13 February 2016 | Online since 2003

Farmers alerted after muddy roads cause peak in accidents



13 March 2014 02:27:26|Machinery and Equipment,News,Property News

Farmers alerted after muddy roads cause peak in accidents


Farmers and landowners have been issued advice on how to prevent excessive mud being left on roads, which can cause serious accidents.
Prompted by the prolonged period of stormy weather, the firm, which handles claims every year regarding incidents involving mud left on roads, is reminding its Members of their legal obligations so they can minimise the risk of an incident.
The warning comes as new figures from Devon and Cornwall Police show there were 18 collisions between 1 January and 25 February 2014, caused by deposits, including mud, on the region’s roads.
Common sources of the problem are farm vehicles, run-off from fields and animals using the highways, particularly during wet weather. Blocked ditches and drains can also cause flooding which, in turn, leaves mud and debris behind.
The Highways Act 1980 makes it an offence to deposit mud onto roads and the Water Resources Act 1991 (in relation to anti-pollution notices) and the law of public nuisance also have provisions relating to mud on the road.
Even mud from vehicles not belonging to the landowner, for example, a contractor spreading muck on the fields or a milk tanker can still be the landowner's responsibility, if the mud came off their land and they knew about the mud and could have prevented it or cleared it up.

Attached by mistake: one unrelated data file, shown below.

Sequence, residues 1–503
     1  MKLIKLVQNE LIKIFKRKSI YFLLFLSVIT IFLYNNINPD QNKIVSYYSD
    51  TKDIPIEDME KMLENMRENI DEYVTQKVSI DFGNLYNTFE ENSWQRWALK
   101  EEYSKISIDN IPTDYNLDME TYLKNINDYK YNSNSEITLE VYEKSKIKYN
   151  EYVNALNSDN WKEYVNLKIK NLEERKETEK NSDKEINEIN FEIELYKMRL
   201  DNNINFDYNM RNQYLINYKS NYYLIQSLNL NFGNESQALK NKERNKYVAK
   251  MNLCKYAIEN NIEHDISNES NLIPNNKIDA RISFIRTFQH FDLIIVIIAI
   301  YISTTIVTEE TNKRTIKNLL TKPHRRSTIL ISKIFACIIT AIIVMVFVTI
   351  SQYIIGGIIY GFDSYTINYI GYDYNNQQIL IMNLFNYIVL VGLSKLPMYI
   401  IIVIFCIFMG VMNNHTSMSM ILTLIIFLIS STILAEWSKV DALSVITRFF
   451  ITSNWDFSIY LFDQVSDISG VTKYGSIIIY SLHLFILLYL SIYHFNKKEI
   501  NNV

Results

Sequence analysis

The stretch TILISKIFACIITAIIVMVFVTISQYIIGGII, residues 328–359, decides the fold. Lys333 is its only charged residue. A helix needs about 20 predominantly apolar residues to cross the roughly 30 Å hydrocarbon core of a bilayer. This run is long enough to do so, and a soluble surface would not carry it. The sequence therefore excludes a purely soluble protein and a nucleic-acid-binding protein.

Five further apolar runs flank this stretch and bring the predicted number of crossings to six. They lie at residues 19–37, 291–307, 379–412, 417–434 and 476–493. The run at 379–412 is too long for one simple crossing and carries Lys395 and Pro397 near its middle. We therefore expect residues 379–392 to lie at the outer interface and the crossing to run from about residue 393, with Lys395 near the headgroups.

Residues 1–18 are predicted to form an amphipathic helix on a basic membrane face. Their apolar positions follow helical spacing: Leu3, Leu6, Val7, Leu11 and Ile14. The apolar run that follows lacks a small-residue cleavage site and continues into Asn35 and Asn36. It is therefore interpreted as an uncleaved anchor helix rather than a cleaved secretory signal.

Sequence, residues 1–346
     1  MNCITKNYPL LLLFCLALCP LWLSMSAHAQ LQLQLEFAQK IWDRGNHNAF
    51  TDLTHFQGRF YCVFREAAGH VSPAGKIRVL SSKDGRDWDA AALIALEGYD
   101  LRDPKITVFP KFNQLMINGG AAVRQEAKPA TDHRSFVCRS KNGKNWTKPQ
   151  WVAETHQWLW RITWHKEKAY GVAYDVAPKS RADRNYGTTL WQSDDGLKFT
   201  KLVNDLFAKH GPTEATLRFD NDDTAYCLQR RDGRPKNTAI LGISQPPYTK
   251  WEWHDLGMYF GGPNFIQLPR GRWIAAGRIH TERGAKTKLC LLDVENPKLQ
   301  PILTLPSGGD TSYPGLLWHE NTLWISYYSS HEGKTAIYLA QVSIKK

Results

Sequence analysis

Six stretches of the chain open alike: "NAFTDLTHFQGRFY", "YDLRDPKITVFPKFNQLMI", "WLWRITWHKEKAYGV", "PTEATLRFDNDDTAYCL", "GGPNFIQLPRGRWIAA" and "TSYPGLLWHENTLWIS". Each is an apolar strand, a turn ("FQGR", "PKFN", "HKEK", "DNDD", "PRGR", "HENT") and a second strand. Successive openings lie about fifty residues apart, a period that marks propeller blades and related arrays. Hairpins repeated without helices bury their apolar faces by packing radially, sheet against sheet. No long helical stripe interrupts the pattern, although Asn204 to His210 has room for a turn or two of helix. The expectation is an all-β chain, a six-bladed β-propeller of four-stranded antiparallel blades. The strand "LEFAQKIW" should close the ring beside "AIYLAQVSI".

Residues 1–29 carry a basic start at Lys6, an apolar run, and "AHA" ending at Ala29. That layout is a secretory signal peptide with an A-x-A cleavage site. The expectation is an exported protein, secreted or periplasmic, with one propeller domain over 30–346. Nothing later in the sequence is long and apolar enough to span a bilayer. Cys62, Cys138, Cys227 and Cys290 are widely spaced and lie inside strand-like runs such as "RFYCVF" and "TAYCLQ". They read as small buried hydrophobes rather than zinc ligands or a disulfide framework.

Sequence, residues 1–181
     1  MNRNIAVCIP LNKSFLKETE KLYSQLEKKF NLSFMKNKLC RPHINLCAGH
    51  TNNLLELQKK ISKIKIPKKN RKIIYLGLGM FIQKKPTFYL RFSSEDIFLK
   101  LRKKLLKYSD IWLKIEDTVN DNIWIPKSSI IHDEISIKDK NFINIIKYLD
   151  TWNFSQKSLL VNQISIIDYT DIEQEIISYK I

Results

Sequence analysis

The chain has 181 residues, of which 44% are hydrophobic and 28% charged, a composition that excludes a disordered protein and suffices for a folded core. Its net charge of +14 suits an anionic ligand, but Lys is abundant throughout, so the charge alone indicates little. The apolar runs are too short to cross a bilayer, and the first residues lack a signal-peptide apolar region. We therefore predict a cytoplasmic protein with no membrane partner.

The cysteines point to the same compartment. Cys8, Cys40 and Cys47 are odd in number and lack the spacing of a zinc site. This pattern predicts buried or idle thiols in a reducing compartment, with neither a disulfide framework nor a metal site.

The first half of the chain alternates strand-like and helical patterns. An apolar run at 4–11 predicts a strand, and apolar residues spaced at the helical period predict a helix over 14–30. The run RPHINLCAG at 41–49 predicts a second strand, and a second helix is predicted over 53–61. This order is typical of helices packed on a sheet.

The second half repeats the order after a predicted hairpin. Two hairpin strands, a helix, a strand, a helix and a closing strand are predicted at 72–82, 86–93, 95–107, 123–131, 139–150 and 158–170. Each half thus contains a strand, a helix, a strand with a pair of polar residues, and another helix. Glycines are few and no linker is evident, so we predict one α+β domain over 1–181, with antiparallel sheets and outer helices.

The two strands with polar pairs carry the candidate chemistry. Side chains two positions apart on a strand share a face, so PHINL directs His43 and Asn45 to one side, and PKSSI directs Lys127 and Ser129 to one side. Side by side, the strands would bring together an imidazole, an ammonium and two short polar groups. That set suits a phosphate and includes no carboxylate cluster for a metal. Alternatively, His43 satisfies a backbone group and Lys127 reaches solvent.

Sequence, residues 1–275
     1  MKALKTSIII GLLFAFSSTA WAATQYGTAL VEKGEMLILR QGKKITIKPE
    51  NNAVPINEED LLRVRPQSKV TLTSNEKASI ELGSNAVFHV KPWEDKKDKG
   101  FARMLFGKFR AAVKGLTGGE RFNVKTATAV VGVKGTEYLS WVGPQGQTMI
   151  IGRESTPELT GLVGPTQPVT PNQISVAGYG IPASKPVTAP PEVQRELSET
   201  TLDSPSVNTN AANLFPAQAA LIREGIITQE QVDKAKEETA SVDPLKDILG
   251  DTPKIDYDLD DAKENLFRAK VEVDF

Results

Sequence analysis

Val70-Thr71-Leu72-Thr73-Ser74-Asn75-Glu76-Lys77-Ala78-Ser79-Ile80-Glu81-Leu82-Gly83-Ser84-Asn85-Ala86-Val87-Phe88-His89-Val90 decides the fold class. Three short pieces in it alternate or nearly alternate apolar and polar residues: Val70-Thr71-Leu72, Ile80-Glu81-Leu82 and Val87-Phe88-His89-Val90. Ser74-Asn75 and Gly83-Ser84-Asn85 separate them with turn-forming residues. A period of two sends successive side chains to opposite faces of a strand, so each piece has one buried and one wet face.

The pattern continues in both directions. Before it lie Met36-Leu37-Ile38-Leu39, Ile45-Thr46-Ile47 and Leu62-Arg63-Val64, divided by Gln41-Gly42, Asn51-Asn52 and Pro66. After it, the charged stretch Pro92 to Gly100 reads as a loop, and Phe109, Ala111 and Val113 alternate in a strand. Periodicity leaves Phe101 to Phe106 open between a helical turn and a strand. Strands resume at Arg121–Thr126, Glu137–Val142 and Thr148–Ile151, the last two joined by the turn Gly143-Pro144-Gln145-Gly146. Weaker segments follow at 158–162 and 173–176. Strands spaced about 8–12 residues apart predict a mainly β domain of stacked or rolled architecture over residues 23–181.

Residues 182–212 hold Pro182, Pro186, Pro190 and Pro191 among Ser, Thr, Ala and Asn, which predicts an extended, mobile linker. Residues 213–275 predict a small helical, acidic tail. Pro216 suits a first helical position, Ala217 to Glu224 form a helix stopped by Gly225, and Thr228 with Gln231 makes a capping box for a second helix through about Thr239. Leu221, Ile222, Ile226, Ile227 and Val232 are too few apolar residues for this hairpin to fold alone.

Alan Goddard, Managing Director of Cornish Mutual, said: “We understand how the current weather conditions have made life difficult for farmers and landowners, which is why we are taking this opportunity to remind them of this potential hazard.
“We would urge them to read our advice regarding preventative measures and check they have the appropriate Public Liability insurance cover in place.”
There are a number of preventative measures that can be taken including making sure that the field gateways onto the road are well drained; hard core or chippings can be used around these areas or on farm tracks to reduce the spread of mud.
Tractor tyres can be washed down before going onto the roads and driving at lower speeds can reduce the spreading of muck and mud. Signs warning of “slippery roads” can be used to alert drivers and roads can be cleaned down at the end of the day. Farmers and landowners are also advised to make sure that they have appropriate Public Liability insurance cover in place should the worst happen. Cornish Mutual provides a range of insurance products to indemnify farmers and landowners against their legal liabilities.

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